Lily is quite happy, because not only is it leaf raking day, but she has a secret.

Something wonderful is hidden within these leaves.

Ta da!
(photos by Ben)

I think that leaf raking day must be the best day of the year: not only do big piles of leaves magically appear all over the yard, but you get to play outside all day and even eat all of your meals outside!

And for the adults it isn't all bad, either. Especially at the end of the day when we all collapse next to an outdoor fire, some other tired out neighbors pile into the yard, and we all just relax, chat, and roast hot dogs.

This must be suburbia's equivalent of a harvest day.

Friday, November 11, 2011

Dream Catcher

We have quite an elaborate bedtime routine that includes, among so many other things, praying for our dreams. Each girl loves the moment when we ask her "And what would you like to dream about tonight?" The list begins, "Merry-go-rounds, ice cream, chocolate, my family" and goes on and on. Lily in particular will come up with the most creative answers ("Stars" "raccoons" and many more). Zosia has been learning about native Americans in her preschool class, and was quite tickled by the idea of making her own dream catcher: a beautiful physical illustration of what we had been trying to tell her all along. God protects our whole selves: our waking selves, our sleeping selves.

Here's how it works. The dreams that are floating around the room enter into the web. The bad dreams are confusing, confused thoughts, and they get caught in the web. They stay there, and get eaten by that spider (the bead in the web). The good dreams trickle down to the feather that is hanging from the dream catcher, and drift right down to the sleeping mind.

The verdict this morning? It worked! And don't we all need more dreams about ice cream? Yes, I do think so.

Thursday, November 10, 2011

About the Baby

You all must be wondering about Hugo. We spend so much of our day oohing and ahhing at him that it's a miracle that every blog post is not about him. We are actually obsessed with him, every single member of the family. Especially the girls. They are at once his mothers, his playmates, and his most enthusiastic fan club.

Sometimes I sneak him into my bedroom just so I can spend five minutes snuggling him all by myself. It's selfish, I know. But he's simply in quite high demand, I'm sure you understand.
Well, it turns out that such fame isn't necessarily the best for taking pictures. This weekend we placed him on a blanket in the warm autumn sun and thought, "Here. Now we will take some pictures." Selma ran up to lick him, the girls surrounded him like bees on honey, and then he spit up.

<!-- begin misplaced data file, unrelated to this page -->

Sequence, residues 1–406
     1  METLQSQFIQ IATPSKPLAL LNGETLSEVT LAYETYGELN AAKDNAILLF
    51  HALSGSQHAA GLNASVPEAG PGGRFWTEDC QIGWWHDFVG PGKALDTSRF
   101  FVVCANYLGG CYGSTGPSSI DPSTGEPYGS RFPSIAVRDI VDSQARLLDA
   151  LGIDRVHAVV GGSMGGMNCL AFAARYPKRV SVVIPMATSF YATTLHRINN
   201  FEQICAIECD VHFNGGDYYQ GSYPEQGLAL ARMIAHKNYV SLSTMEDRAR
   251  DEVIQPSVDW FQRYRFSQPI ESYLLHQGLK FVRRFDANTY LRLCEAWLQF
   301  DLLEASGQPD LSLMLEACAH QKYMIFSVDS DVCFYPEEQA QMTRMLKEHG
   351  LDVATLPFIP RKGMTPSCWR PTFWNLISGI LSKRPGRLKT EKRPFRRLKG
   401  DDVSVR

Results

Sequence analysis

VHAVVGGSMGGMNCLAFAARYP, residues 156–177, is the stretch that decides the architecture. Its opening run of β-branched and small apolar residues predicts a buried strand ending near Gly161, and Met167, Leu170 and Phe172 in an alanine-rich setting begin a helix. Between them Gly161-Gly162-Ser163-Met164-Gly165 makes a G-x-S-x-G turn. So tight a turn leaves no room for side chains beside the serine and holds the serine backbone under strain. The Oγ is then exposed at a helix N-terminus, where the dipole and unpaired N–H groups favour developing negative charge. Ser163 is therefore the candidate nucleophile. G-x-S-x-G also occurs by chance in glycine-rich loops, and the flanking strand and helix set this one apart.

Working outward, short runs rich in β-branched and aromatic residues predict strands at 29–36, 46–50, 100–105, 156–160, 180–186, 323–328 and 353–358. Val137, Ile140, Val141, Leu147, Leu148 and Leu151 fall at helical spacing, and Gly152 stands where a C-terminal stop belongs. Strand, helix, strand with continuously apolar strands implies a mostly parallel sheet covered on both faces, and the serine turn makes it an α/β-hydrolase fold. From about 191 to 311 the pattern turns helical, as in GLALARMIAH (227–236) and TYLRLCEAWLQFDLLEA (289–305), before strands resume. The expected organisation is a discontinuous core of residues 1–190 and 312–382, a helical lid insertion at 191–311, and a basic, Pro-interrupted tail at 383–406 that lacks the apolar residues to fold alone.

Oh, we all had a good laugh. And this guy? He is just his good old self. Level as his dad. Tall like his sisters. Curious and attentive to all of the life that is happening all around him. He is quiet, but never shies away from the chance to interact with anyone who is interested. He loves to "stand up," but spends more of his time mysteriously scooting a few feet in one direction or the other while we aren't looking. Is he crawling? It certainly doesn't seem like it, but how is he getting around so well?

Yes, it seems that a special place had been waiting for Hugo in this family of ours all along.

Wednesday, November 9, 2011

Apple Crisp

The apples are delicious, seasonal, and abundant. And we really are quite content to just eat them any which way: straight off the core, sliced with cinnamon on top, dried. But sometimes it's worth it to indulge in a wonderful seasonal treat and this is where the Apple Crisp enters stage. It's delicious, fresh, and a bit easier than a pie.

This afternoon I was quite tickled to find myself in the kitchen with just my absolute favorite kitchen helper while the littlest two were resting (read: napping and taking a somewhat but not entirely quiet time). She did all of the apple prep thanks to our handy-dandy-on-loan-to-us-apple-peeler-and-slicer. These are so wonderful for little kids to use!

Have I mentioned that four is really a wonderful, magical age? If you find yourself in a situation where a toddler age might be rubbing you the wrong way (and haven't we all been there?), just remember that four is amazing. Truly graceful, inquisitive, and so incredibly sweet. Quite possibly the perfect age. And now for this apple crisp.

We made two: one for the family, because it is one of Ben's favorite's, and one for a sweet neighbor, because don't we all need to show someone a little love each day? Zosia was quite excited, and sat down to enjoy a nice hefty slice after the other kids were in bed and she had finished her reading lesson.